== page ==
Donnerstag, 8. November 2012


Introducing Java Generics in Java 5 has been a big deal for Java developers. Avoid failures at runtime is the biggest challenge in software development. The best solution to avoid failures is to detect errors early at compile time. The compile time type check of generic collections is the real benefit of this Java feature. Get rid of the type casts  necessary by using legacy collections simplifies the development of software in the generic context.

Generics work by erasure which can be a weakness. The genius may use a leak to break the compile time type check by mixing legacy collections with generic collections. On the other hand the inexperienced programmer could make a programming error which breaks a generic collection as well. Anyway, we have the iron-cast guarantee and we know what we do, therefore we are safe. 

The reason to build Generics on erasure is the binary compatibility to legacy collections.  This reduces the migration effort from earlier Java releases to Java 5 software to zero. The possibilites range from using legacy collections with or without Generics and vice versa. Using Generics seems to be difficult. Programmers must learn some rules to have fun with Generics. One famous rule is the get-put-principle. Maurice Naftalin and Philip Wadler documented this rule in the book "Java Generics and Collections". Do you know that rule? Remember or learn:  extends = get, super = put and no wildcard get and put. Isn't it a funny gotcha.

Regarding the requirements of clean code, Generics fulfill the criteria for writing self-explanatory source code. Well, that sounds good, but I must admit it is only true when you have learned all these rules which can sometimes mutate to brain burner. 

Interesting is the influence of abstraction in case of Generics related to data. Why not abstract over behavior in the same way Generics abstract over data? First it seems we have a big gap. But we are already able to abstract over behavior. We know and use the Strategy Pattern (GoF-Pattern) and the possible implementation by using an anonymous class which can be threat as a function object (Joshua Bloch "Effective Java"). A function object can be used to implement the requirements of behavior abstraction which leads to Lamda expressions. The experienced programmer will say no: function objects are a similar technique but weaker compared to Lamda expressions and less readable. Again, that sounds good. But how about that little rules, we already know from Generics?! Ok, we will see and learn these gotchas.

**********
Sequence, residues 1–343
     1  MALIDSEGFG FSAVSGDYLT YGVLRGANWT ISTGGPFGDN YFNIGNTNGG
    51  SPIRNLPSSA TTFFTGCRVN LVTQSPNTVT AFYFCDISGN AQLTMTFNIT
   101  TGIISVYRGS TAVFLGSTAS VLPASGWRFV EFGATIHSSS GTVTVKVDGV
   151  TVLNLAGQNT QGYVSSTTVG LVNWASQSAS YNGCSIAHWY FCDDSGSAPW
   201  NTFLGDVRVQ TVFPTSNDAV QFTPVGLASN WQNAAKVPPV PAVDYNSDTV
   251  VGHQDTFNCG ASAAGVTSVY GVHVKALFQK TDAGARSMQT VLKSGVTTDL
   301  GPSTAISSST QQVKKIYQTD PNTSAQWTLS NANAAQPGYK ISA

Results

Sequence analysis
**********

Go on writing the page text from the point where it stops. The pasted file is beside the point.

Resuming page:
Spot on to light the following excerpt:

Generics allowed developers to better abstraction over types, the goal of Lamda is to help developer better abstract over behavior. [Brian Goetz, Oracle’s Java Language Architect]
Wow! But what’s behind that excerpt? The idea is simple to threat a chunk of code like a piece of data. Describing and characterizing a method in the same way in which you would declare and use a variable is a real benefit of Lamda. The possibility for passing a Lamda expression into a method like an ordinary type will fundamentally change the development of Java software.

I’m looking forward to Java 8 and the features which improve the Java developer toolset. This toolset has additional features like the virtual extension methods which provides to implement default methods for interfaces. Default methods for interfaces mean methods with a body! That's sounds strange but why not? It is simply the support  for interface evolution to maintain binary compatibility with classes already compiled with older interface versions. Older binaries work with the new default interface methods without the requirement of recompilation. Great, no more nightmares with public interfaces.

Thank you for your attention! See you next time! I promise to publish more source code next time to discuss Java topics which is clearer than plain text.